Thursday, November 13, 2014

Marketing Doesn't Have to Kill Your Creative Joy

The writing and publishing worlds have been going through a deconstruction of their traditional roles and relationships ever since authors envisioned using the Internet to self promote, and market their own work. The role of traditional publishers is still being re-framed.

As publishers have less and less to offer aspiring writers, more and more authors choose self publishing. Gone are the days when publishers had budgets to give fat advance checks, or to invest in marketing for their authors. Even their best selling authors are feeling neglected in the pinch, forget marketing for the mid list picks. Within the traditional publishing houses the majority of promotions and marketing efforts are being left squarely in the author's lap. Traditionally published or self published, we are all in the same boat when it comes to getting our books in front of readers. Now is the time to re-imagine how we are going to bring marketing into our creative writing processes.





Don't Separate Marketing from your Creative Writing Process . . . Use it! 

As an author you have to know your target audience. You have to anticipate and plan for your reader's desires. You have to engage them if you are going to keep them reading. You should ask the same questions when choosing your audience, theme, and plot influences, as you would for marketing your book.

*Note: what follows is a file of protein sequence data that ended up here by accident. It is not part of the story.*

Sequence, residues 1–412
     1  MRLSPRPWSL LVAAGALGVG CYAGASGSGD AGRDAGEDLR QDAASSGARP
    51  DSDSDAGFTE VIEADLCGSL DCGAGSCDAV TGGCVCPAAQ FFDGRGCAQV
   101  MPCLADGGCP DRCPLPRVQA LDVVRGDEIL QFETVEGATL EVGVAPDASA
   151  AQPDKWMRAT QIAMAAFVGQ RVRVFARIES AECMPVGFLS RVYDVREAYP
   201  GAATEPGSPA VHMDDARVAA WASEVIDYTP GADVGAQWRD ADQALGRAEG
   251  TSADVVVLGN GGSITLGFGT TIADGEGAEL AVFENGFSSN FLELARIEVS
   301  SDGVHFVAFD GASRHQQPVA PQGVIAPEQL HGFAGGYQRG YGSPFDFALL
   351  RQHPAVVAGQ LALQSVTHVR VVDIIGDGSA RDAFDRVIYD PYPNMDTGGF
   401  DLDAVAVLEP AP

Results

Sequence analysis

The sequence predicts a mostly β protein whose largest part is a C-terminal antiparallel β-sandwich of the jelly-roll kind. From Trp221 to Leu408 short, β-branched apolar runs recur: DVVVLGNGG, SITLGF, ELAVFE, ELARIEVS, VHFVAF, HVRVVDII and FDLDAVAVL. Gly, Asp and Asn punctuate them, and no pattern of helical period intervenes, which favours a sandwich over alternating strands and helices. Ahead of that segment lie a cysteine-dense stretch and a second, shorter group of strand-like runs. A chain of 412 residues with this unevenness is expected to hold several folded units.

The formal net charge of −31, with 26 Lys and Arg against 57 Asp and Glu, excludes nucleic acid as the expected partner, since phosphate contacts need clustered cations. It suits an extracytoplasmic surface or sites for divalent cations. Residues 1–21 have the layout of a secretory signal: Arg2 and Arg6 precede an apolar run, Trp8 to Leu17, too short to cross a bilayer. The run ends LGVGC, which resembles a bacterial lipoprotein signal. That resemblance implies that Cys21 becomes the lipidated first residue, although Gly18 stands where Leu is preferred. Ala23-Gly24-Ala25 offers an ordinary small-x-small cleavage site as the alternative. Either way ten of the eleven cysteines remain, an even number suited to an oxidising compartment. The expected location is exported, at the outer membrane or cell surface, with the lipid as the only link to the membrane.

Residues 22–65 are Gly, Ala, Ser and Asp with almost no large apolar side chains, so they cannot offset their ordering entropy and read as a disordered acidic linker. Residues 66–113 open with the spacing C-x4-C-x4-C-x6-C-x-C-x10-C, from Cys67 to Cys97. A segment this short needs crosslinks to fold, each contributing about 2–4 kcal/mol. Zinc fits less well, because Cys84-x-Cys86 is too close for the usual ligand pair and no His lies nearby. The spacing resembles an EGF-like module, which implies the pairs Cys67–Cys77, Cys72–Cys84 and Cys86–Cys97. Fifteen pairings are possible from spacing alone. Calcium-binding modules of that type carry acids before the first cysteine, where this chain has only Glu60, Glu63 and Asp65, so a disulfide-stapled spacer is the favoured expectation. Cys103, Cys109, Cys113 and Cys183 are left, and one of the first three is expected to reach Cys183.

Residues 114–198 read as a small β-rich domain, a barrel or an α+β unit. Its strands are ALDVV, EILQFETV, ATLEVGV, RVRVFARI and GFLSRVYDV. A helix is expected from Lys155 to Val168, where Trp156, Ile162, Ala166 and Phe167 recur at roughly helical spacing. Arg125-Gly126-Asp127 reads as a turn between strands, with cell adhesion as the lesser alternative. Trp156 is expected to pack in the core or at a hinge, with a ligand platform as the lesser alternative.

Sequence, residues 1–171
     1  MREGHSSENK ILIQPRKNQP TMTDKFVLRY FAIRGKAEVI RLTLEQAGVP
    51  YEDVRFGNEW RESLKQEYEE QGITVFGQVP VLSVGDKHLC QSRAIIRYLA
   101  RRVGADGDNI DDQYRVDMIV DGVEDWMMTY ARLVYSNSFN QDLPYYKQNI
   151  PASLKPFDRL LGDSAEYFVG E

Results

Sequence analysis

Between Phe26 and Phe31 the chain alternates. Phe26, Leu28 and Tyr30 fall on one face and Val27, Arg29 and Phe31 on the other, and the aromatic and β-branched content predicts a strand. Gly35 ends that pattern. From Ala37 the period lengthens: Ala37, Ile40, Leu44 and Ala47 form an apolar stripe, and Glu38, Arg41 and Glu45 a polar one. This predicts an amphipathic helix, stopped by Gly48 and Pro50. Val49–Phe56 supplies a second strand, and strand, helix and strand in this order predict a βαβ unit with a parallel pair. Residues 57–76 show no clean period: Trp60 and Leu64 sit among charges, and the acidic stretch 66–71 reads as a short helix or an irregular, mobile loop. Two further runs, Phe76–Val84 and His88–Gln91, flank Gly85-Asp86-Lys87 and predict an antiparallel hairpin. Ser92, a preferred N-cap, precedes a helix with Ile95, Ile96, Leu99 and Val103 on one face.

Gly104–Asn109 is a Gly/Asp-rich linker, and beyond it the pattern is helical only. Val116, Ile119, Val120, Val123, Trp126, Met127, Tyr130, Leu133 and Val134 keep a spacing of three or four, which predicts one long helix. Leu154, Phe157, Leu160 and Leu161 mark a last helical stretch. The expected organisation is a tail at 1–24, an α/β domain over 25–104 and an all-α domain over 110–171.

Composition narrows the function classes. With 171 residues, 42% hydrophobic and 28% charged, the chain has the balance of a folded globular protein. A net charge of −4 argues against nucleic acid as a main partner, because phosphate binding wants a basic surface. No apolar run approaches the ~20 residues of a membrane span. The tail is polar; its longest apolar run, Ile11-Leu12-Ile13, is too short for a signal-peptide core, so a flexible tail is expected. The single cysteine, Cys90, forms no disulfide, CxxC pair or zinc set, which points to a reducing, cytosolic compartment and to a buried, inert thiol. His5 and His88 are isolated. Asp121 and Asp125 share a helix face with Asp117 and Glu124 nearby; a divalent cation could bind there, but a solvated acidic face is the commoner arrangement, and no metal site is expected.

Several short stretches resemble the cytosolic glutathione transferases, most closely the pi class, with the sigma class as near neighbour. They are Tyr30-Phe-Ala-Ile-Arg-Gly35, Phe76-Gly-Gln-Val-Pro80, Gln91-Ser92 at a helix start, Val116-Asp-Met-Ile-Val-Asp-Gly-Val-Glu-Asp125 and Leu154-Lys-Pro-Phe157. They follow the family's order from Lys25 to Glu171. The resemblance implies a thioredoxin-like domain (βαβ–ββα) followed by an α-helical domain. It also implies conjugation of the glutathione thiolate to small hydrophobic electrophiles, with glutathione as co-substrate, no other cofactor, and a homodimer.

What is my audience looking for? What are they going to get from my book?
Are they looking for answers or seeking entertainment? What is it that will attract them to my book and my website over the books and websites of other authors? Is it my themes? Am I teaching a skill, proselytizing an ideal, or prophesying a dire warning? Am I making a political comment or a spiritual declaration? Does my book hold expert or life knowledge? Do I have more to offer than just this book? Can I hook my audience into purchasing and reading my book through a shared interest, a cause, or sentiment?

These may be questions that both influence who an author is writing for or even about, plot devices, and theme development, as well as where and how they might market a book in the future.

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